As the holidays draw near and temperatures drop, we welcome a warm drink to help us feel snug and cozy. Nothing hits the spot better than that iconic blend of eggs, milk, sugar, and spices, fortified, perhaps, with a splash of spirits: hot eggnog.
I’m not talking about the packaged, cloyingly sweet, near-gelatinous stuff in grocery stores. Rather, I’m talking about the luscious, frothy, custardlike beverage made from scratch. Although its exact origin is uncertain, hot eggnog has been a mainstay of winter social life for hundreds of years. It can be served hot or cold, with alcohol or without, in dainty punch cups or in substantial mugs.
Eggs in the nog can be cooked to a safe temperature or incorporated raw. Potential food safety concerns can be alleviated by using pasteurized eggs (available in many grocery stores) or by using a recipe that calls for cooking the eggs, as my mother always did for her hot eggnog.
Vanilla and freshly grated nutmeg are standard spices for any good eggnog, but feel free to experiment with small amounts of other flavorings such as cinnamon, cloves, allspice, and star anise. Some recipes call for almost as much alcohol as milk or cream. Traditional choices are cognac, brandy, rum, bourbon, or sherry; more modern additions include Grand Marnier (orange), Kahlúa (coffee), and amaretto (almond) liqueurs. Spirits can be added to the entire batch or to individual servings.
Use the finest ingredients you can find, and serve your hot eggnog in grand style when entertaining. Just remember, if you offer it warm, use a tempered-glass punch bowl and cups or mugs that can take the heat.
- 2 quarts whole milk
- 1 vanilla bean, split lengthwise, seeds scraped and reserved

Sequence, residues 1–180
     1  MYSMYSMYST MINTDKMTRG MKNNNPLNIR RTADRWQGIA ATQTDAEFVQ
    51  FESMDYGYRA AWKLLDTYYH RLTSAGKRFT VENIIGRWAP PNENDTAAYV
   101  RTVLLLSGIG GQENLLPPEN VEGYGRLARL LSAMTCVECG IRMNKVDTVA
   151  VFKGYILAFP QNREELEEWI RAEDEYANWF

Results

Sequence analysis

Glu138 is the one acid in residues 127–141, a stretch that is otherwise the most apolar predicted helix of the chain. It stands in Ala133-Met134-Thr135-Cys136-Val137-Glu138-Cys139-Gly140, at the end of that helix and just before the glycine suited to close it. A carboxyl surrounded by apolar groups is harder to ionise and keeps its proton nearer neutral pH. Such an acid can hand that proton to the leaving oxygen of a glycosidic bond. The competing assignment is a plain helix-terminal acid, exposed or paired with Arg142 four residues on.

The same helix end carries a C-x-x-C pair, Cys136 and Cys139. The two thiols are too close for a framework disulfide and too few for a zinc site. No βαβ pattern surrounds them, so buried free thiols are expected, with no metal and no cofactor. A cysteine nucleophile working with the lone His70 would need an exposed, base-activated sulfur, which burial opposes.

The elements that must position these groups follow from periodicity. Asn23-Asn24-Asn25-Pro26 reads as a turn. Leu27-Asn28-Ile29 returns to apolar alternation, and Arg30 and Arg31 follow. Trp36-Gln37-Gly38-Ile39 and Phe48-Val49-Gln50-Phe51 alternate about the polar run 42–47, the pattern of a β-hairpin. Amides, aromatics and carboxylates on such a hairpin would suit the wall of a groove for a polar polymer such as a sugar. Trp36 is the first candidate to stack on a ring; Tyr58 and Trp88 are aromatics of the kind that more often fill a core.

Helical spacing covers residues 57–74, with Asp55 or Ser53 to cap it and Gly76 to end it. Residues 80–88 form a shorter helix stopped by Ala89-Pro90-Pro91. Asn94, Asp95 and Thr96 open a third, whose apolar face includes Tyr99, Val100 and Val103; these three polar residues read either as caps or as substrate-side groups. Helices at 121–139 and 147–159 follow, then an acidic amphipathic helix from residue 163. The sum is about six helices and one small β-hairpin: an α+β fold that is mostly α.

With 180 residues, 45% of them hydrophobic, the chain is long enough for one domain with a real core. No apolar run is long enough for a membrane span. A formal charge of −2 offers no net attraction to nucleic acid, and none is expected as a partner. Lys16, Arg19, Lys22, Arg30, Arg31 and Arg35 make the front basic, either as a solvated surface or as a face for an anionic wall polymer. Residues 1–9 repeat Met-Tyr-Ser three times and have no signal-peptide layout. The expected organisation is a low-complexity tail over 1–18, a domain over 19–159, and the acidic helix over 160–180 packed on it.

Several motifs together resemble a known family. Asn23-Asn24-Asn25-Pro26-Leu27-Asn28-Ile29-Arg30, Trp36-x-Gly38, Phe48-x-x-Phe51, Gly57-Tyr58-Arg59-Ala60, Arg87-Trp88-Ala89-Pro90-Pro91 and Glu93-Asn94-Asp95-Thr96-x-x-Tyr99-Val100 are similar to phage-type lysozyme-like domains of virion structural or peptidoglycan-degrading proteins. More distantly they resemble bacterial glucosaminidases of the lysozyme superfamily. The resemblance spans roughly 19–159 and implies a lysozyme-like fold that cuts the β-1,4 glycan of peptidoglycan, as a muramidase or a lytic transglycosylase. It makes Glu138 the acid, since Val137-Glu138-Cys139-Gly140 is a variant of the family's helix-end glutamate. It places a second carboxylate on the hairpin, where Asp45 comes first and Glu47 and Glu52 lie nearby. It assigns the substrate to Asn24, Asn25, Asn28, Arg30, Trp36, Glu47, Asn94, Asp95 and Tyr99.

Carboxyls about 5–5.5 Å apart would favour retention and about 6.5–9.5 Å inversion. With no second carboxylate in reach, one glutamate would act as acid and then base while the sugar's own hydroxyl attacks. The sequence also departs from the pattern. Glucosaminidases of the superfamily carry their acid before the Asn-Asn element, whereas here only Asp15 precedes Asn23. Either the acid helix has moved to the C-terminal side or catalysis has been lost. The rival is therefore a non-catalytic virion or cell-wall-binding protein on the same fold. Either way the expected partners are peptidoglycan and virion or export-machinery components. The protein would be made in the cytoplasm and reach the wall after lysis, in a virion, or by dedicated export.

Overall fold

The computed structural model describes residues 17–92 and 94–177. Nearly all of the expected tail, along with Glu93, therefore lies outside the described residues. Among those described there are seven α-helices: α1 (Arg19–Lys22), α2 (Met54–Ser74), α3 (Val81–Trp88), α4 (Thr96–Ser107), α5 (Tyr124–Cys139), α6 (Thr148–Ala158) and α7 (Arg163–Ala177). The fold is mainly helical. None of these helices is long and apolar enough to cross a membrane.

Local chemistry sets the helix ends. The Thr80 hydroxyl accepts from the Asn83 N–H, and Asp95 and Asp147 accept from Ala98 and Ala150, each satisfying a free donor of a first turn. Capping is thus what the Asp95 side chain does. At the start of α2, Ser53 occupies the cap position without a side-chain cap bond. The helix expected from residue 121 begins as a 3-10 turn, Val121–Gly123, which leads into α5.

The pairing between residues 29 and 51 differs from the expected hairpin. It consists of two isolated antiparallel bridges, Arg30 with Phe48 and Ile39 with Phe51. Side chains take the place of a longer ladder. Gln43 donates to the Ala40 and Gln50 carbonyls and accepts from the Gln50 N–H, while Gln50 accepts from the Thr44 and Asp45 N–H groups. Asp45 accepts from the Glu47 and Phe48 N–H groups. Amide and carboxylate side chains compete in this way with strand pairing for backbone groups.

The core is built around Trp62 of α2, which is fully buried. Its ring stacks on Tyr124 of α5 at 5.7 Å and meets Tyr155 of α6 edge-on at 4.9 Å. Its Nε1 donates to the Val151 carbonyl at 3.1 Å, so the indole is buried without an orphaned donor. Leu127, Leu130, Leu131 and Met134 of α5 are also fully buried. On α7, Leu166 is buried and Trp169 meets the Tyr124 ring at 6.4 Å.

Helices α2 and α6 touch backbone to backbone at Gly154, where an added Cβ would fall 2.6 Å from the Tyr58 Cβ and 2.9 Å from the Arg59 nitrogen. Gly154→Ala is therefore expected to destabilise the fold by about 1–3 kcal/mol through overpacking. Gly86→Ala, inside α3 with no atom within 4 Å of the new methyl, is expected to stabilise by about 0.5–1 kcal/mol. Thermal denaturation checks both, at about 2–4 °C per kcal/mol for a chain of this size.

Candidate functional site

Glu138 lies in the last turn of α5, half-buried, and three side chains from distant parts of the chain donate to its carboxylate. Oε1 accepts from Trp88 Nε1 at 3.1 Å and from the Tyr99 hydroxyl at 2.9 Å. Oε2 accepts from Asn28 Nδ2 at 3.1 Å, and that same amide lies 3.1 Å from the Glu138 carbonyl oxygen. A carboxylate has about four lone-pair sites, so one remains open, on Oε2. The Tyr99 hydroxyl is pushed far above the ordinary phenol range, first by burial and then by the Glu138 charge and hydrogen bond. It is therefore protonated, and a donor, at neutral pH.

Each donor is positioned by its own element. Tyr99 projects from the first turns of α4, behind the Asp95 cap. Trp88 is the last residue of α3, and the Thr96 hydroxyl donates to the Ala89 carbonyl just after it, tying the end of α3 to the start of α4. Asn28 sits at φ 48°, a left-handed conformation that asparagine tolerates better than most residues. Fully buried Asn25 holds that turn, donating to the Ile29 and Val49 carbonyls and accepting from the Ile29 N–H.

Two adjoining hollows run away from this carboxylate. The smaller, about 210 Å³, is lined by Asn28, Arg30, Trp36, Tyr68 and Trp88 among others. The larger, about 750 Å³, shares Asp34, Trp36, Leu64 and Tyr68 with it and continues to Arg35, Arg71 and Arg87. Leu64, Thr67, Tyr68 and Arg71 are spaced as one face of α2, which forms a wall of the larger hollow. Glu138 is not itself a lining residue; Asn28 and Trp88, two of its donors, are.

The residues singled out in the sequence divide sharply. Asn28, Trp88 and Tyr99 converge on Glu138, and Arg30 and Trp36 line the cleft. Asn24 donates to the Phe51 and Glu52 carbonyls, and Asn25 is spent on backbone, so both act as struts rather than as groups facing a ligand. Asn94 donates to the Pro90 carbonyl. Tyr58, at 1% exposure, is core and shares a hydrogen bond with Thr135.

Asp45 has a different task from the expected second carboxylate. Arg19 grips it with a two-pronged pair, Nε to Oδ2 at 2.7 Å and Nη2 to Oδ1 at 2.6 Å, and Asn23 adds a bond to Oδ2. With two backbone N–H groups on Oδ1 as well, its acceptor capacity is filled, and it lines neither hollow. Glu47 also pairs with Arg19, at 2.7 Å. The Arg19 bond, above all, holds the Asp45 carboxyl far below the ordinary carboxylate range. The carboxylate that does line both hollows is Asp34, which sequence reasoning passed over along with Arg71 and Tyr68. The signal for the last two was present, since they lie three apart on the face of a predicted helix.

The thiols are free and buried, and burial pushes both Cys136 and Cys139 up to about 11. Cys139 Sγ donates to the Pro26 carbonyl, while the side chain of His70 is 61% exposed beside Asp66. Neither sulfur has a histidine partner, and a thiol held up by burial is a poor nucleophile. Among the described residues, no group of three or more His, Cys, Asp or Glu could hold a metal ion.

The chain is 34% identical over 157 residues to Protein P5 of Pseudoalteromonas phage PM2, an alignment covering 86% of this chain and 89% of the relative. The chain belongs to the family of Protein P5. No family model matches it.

- 1/8 teaspoon salt
- 12 large eggs, separated (see note)
- 1 3/4 cups sugar, divided
- 1 quart heavy whipping cream
- ¼ teaspoon ground nutmeg
- Bourbon, rum, brandy, amaretto, or other spirits (optional)
- Garnish: ground nutmeg
- In a large heavy-bottomed saucepan, heat milk, vanilla bean and seeds, andsalt over medium heat to 190º. Do not let mixture boil.
- In a large bowl, beat egg yolks with 1 cup sugar on medium-high speed with a mixer for 2 to 3 minutes or until mixture becomes pale and has a ribbonlike texture. Slowly pour 2 cups hot milk mixture into egg yolk mixture, beating on low speed constantly.
- Pour egg mixture into pot of hot milk, whisking constantly. Add heavy cream, and cook over medium heat, stirring frequently with a wooden spoon, until mixture has reached 170º and is thick enough to coat the back of the spoon. Remove pan from heat; discard vanilla bean, and set aside.
- In a large bowl, beat egg whites and remaining ¾ cup sugar on high speed with a mixer until stiff peaks form. Pour milk mixture through a fine-mesh sieve into a large serving bowl. Carefully fold beaten egg whites and nutmeg into milk mixture.
- Ladle into punch cups or mugs. Add spirits to taste, if desired, and garnish with nutmeg.
- TIP: If you prefer cold eggnog, after removing the pan from heat, cool mixture to room temperature before refrigerating, along with unbeaten egg whites, at least three hours or up to overnight. When ready to serve, whip egg whites with sugar, and continue recipe as directed.
- NOTE: Substitute 1 tablespoon pure vanilla extract for vanilla bean if desired. Leftovers can be refrigerated up to two days; serve cold or gently reheat. According to the USDA, people with health problems, the very young, the elderly, and pregnant women should avoid eating foods containing raw eggs. Pasteurized egg whites can be substituted, if necessary.
Sarah Liberta’s company, HERBS by Sarah, provides herbal education, research, and business services. A lifelong educator, Sarah teaches culinary garden classes for Louisiana State University’s Osher Lifelong Learning Institute and other programs.